clock menu more-arrow no yes mobile

Filed under:

BYU Basketball: The decision that turned the tide.

One play, one game, one decision. Can the Cougars point to one season changing experience?

Matt Carlino and Anson Winder celebrate after a win in the WCC Tournament
Matt Carlino and Anson Winder celebrate after a win in the WCC Tournament
Kyle Terada-USA TODAY Sports

A roller coaster ride is the closest description that can be placed on the 2013-14 Cougars' basketball season. The players and coaches provided big shots, big games, big loses, and big let downs for a fan base that hung on every game and every play. If you break down the season you might be able to find a play that turned a game or a game that turned the momentum. You might even be able to find a decision that turned the tide of the season. Let's take a look at some possibilities:


With a season of so many up and downs there were numerous plays that could be pointed at to define the Cougars season. Who will forget Matt Carlino stealing the in-bounds pass, and getting it to Haws for a layup, to send a game into overtime? We can't forget Tyler Haws shooting, and hitting, a running three at a halftime buzzer to send Cougar fans into a frenzy. As much as we would like to forget the six minute scoreless drought to end regulation in Las Vegas, it still happened and it helped play a part in the Cougars season.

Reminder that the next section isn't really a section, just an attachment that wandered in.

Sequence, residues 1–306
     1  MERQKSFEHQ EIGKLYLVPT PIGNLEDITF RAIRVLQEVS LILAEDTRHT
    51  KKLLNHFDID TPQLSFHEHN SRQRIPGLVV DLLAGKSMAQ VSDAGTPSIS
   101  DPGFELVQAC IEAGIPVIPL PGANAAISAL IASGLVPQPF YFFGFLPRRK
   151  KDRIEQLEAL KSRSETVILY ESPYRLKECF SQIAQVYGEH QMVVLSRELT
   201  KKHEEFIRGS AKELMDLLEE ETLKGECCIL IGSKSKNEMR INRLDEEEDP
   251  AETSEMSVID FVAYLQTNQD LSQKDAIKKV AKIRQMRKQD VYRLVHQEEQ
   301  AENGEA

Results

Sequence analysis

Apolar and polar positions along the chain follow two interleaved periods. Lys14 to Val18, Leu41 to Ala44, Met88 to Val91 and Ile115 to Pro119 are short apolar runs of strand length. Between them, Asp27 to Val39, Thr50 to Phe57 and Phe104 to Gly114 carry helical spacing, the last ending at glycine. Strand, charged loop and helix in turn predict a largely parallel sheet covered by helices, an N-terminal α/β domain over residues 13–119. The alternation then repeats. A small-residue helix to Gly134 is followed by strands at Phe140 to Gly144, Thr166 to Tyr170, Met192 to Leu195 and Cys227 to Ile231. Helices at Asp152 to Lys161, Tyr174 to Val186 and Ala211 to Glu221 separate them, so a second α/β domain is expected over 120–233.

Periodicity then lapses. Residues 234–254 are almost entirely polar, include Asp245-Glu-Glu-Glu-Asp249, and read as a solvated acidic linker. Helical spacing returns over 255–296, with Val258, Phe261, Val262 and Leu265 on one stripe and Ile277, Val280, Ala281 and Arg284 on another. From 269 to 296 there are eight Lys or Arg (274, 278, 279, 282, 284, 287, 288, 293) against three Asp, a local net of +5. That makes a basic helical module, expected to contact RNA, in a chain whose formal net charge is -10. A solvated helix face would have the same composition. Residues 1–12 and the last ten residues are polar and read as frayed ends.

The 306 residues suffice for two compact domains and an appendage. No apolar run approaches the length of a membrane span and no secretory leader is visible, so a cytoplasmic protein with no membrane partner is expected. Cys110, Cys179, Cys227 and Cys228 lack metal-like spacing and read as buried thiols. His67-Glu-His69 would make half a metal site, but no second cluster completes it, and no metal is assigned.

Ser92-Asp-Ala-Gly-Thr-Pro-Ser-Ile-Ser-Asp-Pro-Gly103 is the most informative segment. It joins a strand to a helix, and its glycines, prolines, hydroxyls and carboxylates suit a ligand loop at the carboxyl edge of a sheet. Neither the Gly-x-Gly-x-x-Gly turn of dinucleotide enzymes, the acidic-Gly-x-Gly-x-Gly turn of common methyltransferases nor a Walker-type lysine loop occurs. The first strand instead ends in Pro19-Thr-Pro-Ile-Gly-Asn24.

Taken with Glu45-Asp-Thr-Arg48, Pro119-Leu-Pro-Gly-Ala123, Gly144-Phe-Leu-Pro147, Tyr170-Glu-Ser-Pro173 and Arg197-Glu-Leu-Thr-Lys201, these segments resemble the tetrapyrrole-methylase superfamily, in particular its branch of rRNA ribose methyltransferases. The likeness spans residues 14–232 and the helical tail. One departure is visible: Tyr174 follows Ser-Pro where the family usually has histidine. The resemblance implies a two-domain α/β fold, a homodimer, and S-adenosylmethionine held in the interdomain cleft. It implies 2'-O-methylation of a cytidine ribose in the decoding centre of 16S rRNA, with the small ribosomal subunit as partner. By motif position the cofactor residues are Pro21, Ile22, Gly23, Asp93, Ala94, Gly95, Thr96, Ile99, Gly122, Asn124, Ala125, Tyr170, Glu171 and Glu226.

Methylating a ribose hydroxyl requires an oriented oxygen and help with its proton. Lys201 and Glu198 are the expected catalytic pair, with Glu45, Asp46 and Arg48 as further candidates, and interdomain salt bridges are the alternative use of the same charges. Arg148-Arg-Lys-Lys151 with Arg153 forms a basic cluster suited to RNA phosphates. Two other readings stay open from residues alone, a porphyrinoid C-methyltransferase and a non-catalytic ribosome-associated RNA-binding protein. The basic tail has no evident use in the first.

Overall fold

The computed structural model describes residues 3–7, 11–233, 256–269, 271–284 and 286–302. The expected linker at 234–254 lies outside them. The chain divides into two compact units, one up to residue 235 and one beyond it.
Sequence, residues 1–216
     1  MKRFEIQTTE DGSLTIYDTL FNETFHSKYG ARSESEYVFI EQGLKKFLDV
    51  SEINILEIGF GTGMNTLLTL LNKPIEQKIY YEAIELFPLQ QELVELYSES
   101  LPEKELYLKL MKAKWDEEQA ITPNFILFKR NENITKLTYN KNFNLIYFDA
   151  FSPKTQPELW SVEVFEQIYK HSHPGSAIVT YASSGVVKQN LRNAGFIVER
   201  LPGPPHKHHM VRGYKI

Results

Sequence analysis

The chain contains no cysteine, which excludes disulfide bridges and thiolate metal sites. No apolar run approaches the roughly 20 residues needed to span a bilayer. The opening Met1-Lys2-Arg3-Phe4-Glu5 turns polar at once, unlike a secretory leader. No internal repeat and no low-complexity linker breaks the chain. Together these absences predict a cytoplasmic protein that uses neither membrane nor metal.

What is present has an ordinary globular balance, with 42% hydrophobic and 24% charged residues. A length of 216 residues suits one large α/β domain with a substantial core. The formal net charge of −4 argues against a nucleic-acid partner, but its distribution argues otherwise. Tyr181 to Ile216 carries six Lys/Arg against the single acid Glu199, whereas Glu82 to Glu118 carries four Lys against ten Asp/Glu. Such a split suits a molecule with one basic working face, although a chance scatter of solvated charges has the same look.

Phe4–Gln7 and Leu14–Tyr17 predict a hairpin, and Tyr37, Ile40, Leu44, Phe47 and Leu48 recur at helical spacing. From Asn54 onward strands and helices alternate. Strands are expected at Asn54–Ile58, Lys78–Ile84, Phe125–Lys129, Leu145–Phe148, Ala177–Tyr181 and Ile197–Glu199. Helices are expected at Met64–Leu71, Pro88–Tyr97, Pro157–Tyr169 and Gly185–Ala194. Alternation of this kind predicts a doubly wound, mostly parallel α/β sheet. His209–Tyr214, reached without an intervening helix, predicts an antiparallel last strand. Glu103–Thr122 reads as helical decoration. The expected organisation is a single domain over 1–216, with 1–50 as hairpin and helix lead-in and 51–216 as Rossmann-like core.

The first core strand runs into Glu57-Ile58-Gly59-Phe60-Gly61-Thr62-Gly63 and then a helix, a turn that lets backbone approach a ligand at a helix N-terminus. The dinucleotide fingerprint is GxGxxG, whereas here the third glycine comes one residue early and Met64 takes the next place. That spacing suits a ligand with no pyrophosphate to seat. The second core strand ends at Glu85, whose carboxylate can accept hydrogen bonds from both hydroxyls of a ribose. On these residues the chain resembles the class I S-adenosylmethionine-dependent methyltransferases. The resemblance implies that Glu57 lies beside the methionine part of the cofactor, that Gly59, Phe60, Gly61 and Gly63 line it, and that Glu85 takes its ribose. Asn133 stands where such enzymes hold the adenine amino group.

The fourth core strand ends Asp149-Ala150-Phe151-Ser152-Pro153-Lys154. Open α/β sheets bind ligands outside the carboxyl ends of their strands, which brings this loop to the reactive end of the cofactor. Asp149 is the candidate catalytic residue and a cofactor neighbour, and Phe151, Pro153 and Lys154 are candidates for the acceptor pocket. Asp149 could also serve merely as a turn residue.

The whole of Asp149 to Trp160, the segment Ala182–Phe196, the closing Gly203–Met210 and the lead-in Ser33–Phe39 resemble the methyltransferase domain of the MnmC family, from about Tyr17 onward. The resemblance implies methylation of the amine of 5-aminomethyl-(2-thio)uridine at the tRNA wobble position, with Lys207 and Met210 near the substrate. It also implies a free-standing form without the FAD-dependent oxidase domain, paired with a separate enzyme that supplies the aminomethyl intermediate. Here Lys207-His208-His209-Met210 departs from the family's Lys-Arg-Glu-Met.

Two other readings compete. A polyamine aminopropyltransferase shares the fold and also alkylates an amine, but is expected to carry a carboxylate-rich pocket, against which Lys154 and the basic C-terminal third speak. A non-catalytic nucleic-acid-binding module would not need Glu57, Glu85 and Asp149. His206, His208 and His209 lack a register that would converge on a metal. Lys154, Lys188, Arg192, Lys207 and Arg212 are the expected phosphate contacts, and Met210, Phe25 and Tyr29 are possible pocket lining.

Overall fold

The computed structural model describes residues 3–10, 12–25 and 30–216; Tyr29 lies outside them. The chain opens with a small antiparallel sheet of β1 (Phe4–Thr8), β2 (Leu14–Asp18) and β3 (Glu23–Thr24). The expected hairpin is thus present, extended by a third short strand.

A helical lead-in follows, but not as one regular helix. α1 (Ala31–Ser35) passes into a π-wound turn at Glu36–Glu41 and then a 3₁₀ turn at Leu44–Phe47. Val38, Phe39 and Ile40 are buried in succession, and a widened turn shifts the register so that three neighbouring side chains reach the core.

Even though these plays didn't define the Cougars season, could the big games that were won and lost make the difference in the season? The Cougars played a number of big games on the year and anyone of those could have been looked at as season changers. Wins against Stanford, Texas, Saint Mary's, and Gonzaga headline the good wins while losses against Wichita State, Iowa State, Oregon, and Gonzaga still haunt the Cougars. The most emotional loss could be the beat down they received at the hands of rival Utah. Not only did the Cougars get beat by a team that was supposed to be rebuilding, the loss helped propel them on a four game losing streak that included Oregon, Loyola Marymount and Pepperdine. Even though these games were big, they still didn't define the cougars, but they did help contribute.